Eager to Appropriate

Mahmood Mamdani in Lapham’s Quarterly:

In the early period of American colonization, there was no reference to a place called Indian country. That is because every place was Indian country. Settlers in Maine rented land from Indians. In the Dutch and English colonies, settlers purchased land from Indians, either wholesale or piecemeal.

The term Indian country was first used in King George III’s Royal Proclamation of 1763. Under the system delineated by the Crown, Indian country was territory that Indians had the right to use but over which they did not have domain. The Crown retained the title to all colonized lands occupied by Indian tribes and granted the tribes use rights, which the king could revoke at will. Because the land belonged to the Crown, Indians who wished to sell their use rights could sell only to the Crown. After the War of Independence, the United States adopted the same scheme, and to this day Indians on reservations retain only “Indian title” or “right of occupancy.” Their holdings can be dissolved by congressional action.

The original language of the Constitution makes clear that Indians are aliens in the United States. The document makes just one substantive reference to Indians. In article 1, section 8, Congress is granted power “to regulate commerce with foreign nations and among the several states, and with Indian Tribes.” Leading theorists of the early republic also understood the Indians as a foreign challenger to settlement. In Federalist 24 Alexander Hamilton described “the savage tribes on our western frontier” as natural enemies of the United States and natural allies of the British and Spanish, and he cited Indian tribes as justification for maintaining a national defense force. In Federalist 25 Hamilton reiterated his view that Indians were foreign enemies, raising the specter that Britain and Spain would join forces with Indian tribes to encircle the union from Maine to Georgia. Later arguments for the Second Amendment right to form armed militias for collective defense of the “free state” are easily understood from the perspective of settlers who feared attacks by natives perceived to be enemies of that state.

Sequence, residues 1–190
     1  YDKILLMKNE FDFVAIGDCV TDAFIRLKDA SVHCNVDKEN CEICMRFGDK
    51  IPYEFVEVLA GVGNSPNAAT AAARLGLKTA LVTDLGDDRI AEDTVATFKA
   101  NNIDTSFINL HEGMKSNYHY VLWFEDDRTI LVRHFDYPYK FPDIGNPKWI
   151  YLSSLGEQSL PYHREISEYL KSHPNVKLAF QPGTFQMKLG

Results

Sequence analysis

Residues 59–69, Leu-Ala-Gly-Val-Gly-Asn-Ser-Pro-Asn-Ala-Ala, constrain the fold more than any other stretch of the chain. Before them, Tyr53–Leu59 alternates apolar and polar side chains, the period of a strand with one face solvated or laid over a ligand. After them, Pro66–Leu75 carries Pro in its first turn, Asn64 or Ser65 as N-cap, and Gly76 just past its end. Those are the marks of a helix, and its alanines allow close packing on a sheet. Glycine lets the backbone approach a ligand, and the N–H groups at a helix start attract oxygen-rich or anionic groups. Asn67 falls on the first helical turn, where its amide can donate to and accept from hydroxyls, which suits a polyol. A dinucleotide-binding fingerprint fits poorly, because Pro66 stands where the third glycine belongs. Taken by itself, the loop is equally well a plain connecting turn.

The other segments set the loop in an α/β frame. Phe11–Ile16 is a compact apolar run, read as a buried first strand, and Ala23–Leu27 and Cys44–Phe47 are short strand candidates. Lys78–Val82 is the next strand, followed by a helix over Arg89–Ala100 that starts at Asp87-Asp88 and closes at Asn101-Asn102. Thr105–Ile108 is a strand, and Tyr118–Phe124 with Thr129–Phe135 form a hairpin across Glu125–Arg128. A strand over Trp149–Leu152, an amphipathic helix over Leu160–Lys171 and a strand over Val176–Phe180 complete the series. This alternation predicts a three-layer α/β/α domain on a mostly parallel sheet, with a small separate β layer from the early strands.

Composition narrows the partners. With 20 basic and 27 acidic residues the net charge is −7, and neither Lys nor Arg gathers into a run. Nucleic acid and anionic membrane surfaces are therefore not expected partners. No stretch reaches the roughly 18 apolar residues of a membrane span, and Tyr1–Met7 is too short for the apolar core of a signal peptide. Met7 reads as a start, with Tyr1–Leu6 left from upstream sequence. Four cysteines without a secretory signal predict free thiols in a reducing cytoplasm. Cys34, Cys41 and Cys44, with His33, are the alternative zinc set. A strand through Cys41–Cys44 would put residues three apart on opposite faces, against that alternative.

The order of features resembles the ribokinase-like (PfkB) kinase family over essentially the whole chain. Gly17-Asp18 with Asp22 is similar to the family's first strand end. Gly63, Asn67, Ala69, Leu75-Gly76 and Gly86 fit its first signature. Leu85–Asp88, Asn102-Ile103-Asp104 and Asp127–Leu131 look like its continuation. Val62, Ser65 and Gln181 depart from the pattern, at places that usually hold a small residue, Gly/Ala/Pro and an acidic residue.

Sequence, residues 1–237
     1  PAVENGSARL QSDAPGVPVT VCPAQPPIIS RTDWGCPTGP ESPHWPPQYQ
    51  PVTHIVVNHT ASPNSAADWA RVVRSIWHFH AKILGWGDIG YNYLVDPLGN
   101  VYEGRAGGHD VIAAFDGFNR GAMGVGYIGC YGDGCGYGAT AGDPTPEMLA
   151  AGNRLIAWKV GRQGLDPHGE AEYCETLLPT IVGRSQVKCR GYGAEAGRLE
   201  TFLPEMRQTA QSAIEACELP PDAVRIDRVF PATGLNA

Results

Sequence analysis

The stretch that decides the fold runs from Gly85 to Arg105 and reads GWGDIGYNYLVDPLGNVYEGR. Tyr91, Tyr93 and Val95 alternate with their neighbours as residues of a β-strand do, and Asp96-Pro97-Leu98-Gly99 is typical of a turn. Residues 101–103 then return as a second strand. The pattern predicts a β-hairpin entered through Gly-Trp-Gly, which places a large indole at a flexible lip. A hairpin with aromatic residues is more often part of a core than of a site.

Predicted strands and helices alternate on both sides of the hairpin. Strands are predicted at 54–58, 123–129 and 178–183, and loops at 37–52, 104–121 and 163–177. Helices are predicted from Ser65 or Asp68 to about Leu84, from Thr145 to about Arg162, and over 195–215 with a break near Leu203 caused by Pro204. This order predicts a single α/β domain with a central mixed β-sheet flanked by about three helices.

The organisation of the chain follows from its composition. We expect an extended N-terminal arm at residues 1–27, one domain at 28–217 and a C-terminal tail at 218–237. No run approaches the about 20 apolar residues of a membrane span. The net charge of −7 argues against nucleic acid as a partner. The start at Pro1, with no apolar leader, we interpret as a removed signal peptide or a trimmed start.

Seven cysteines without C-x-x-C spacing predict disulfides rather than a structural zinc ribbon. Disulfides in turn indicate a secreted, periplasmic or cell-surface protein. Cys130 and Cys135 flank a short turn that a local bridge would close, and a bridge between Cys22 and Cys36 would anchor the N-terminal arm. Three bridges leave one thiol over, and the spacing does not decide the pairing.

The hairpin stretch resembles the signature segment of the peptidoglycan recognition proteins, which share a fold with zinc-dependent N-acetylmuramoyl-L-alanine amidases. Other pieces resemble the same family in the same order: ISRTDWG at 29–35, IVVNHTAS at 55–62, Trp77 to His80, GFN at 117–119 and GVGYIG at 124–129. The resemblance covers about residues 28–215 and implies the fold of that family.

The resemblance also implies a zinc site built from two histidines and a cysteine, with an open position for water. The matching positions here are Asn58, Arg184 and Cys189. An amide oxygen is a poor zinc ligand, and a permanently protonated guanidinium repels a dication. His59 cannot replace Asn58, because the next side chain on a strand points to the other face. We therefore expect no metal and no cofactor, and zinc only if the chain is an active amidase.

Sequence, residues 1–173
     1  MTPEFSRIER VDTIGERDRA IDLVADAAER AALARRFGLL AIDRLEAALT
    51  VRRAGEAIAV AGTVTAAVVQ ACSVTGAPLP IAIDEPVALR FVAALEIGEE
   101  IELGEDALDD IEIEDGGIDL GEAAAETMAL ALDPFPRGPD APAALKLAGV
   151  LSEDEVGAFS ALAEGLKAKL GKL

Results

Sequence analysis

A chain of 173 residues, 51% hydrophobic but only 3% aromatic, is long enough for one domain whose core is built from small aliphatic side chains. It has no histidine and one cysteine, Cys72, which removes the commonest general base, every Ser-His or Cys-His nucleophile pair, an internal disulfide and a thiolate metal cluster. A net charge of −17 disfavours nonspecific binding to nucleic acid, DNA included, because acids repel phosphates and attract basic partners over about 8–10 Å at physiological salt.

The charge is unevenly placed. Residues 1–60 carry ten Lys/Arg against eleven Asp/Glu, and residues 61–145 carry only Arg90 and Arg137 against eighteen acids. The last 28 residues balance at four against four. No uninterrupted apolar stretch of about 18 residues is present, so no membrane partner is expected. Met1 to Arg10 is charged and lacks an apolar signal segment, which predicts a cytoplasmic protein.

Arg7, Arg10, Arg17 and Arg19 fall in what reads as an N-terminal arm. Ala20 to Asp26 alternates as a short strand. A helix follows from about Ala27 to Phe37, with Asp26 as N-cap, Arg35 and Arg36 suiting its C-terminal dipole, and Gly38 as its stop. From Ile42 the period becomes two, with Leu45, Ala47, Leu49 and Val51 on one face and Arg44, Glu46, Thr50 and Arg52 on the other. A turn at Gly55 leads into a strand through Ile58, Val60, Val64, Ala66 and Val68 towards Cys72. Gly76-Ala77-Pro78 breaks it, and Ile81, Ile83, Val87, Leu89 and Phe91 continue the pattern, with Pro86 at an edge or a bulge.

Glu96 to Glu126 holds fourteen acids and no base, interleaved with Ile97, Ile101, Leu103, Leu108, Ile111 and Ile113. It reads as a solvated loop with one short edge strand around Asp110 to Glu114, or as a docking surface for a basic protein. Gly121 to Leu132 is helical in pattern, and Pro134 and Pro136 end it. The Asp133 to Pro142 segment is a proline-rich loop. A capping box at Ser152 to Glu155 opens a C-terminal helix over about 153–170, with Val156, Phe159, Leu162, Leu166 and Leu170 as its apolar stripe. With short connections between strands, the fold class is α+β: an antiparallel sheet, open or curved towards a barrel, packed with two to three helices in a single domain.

The view of Indian tribes as enemies and aliens had to be squared with the undeniable fact that Indians lived in territories claimed by the nascent United States.

More here.